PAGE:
Nine out of 10 nursing leaders in the NHS say they are worried abour their ability to recruit nurses, according to a survey by the Royal College of Nursing. The RCN has also said it believes there are 40,000 nursing vacancies in the service.

The union has also revealed evidence that qualified nursing staff are being substituted for non-registered care staff despite research showing this increases risks to patient care.

For the first time the union is also calling for legislation to require NHS trusts to have safe staffing on wards with the RCN report warning: “It is the lack of NHS funding that has led to efficiency pressures in the system and despite the findings of the Mid Staffordshire Public Inquiry, lessons have not truly been learned.

“Over the last decade efficiency savings and finance have been consistently prioritised over safe and effective staffing. Short-sighted cost-saving measures implemented in the absence of proper engagement with the profession or risk assessment have resulted in a shortage of nurses.”

The union surveyed 90 NHS nursing directors and deputy nursing directors which revealed 76 per cent were concerned about ensuring safe staffing levels while 90 per cent said they were worried about being able to recruit nurses with 84 per cent highlighting fears over retention of existing staff.

The RCN study called “Safe and Effective Staffing: the Real Picture” said: “The time has come for legislation in each country in the UK to ensure that patients always receive the safe care they deserve through genuinely enforceable safe nurse staffing levels.

”This report shows that the skill mix is being diluted and substitution is occurring. Vacancy rates have increased across the UK, but doubled in England in the last three years.”

The RCN highlighted workforce data showing the numbers of qualified nursing, midwifery and health visitor staff had increased by just under 6,000, or 2 per cent since 2010 while unregistered care staff had seen an 11,000 or eight per cent rise prompting fears of what the union said was “nursing on the cheap.”

Using a Freedom of Information Act request the union obtained vacancy data for nurse staffing with a response rate from 76 per cent of NHS trusts in England.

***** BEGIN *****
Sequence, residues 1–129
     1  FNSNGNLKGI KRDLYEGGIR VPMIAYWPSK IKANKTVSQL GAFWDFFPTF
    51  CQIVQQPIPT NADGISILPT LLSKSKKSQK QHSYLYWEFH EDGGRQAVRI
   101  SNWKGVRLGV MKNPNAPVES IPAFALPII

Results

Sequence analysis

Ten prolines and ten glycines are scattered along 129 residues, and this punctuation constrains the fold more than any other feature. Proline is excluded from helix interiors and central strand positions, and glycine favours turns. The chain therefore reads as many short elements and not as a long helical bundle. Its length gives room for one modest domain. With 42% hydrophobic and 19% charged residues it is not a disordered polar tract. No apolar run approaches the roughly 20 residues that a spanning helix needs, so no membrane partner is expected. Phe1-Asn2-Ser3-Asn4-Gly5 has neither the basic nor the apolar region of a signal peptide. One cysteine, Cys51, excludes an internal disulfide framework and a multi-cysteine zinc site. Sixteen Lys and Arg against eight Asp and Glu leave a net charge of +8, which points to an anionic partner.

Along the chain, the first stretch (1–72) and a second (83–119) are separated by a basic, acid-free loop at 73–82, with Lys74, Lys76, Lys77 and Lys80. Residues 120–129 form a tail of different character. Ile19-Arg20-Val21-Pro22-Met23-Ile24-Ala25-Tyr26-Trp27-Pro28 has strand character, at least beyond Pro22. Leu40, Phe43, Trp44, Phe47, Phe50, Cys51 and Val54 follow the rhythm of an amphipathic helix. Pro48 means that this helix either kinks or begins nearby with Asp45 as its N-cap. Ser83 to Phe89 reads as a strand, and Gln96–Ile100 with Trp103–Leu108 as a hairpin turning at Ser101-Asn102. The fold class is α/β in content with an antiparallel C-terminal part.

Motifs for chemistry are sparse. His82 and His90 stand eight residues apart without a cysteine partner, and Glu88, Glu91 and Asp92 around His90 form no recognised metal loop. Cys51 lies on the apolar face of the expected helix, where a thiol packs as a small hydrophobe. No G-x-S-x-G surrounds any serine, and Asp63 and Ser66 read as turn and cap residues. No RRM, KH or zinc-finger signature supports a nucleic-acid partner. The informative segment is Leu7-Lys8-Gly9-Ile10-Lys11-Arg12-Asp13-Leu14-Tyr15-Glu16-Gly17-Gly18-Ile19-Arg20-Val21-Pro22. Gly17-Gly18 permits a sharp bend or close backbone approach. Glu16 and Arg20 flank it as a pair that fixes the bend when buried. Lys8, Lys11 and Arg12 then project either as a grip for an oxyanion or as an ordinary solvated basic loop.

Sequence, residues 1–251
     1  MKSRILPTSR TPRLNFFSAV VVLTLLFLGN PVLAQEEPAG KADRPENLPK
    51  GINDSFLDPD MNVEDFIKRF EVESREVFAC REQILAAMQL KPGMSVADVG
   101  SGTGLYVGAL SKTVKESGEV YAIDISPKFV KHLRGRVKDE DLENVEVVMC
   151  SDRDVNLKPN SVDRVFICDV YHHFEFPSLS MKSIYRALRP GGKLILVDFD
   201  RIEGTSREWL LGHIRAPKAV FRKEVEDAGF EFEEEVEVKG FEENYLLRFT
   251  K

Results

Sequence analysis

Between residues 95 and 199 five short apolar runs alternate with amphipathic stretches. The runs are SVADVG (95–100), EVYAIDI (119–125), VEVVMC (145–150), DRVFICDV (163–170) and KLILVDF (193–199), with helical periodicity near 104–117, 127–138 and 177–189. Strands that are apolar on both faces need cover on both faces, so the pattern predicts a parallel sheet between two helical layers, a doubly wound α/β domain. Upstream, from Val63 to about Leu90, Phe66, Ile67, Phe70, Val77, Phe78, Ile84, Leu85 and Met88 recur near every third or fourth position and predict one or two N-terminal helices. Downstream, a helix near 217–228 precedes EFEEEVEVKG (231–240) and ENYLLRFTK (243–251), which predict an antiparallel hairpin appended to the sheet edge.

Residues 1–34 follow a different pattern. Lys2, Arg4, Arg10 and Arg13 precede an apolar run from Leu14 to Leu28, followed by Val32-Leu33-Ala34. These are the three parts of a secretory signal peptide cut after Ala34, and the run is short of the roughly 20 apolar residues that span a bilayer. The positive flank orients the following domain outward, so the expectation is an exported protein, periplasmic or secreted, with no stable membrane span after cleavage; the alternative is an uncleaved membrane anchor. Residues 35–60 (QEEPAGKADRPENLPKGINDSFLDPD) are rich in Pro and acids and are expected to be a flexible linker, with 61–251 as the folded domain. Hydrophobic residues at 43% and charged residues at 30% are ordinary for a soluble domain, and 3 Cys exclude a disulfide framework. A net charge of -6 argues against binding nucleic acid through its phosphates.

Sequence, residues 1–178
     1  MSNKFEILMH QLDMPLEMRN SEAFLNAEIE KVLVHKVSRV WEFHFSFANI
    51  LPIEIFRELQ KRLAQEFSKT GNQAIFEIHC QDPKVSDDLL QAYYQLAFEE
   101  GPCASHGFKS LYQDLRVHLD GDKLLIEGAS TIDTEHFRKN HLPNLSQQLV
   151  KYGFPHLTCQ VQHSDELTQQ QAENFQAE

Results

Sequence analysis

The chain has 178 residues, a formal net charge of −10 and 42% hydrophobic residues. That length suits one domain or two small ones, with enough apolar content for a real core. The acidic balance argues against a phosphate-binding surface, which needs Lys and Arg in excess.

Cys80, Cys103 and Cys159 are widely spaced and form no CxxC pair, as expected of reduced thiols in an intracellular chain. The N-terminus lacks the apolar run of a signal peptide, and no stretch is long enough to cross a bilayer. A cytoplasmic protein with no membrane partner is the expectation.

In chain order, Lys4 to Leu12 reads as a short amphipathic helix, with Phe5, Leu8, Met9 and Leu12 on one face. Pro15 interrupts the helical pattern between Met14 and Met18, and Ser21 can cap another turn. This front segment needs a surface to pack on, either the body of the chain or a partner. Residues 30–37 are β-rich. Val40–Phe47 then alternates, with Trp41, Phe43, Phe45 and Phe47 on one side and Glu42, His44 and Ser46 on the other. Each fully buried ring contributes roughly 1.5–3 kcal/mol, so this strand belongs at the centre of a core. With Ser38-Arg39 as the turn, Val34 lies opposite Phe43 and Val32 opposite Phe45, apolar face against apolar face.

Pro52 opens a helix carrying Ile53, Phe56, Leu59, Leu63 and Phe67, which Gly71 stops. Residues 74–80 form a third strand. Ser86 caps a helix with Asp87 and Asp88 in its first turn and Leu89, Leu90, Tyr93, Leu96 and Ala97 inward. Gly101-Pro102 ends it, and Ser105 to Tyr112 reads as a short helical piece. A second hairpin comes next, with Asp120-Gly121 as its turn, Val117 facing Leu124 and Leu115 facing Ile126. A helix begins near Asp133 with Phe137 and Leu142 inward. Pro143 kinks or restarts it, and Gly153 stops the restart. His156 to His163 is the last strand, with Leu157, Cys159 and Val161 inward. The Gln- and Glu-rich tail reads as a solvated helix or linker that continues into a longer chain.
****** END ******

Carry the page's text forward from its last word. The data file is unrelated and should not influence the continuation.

Two thirds of trusts who responded confirmed fears of substitution of nursing staff with two thirds, 65 per cent, employing a higher proportion of care staff than registered nurses in 2016 compared with the previous year.

A total of 16 per cent of trusts said they had decreased their registered nurse numbers while increasing their unregistered support workforce.

The RCN said this was not in line with evidence adding: “We support the development of health care support workers but it must not be allowed to substitute registered nurses with less experienced staff because they are cheaper or more readily available.”

Analysis of the FOI results suggested the number of nursing vacancies has doubled in the last three years from 20,000 to 40,000 in England.

The report said nearly a quarter of NHS trusts reported a registered nurse vacancy rate of over 15 per cent with the highest being 37 per cent.

The union also pointed to the decision to suspend work on safe staffing by the National Institute for Health and Care Excellence in 2015 saying: “The work was handed to NHS Improvement, who are currently in the process of developing safe and sustainable staffing improvement resources across different clinical settings. We are deeply concerned that this approach lacks enforceability.”

RCN chief executive Janet Davies, who will speak at the RCN’s annual congress in Liverpool today, said a “lethal cocktail” of factors was putting patient care at risk.

She said: “Ministers must draw a line under this false economy and address safe staffing levels in new legislation. Nursing directors should not have to fight for the funding.”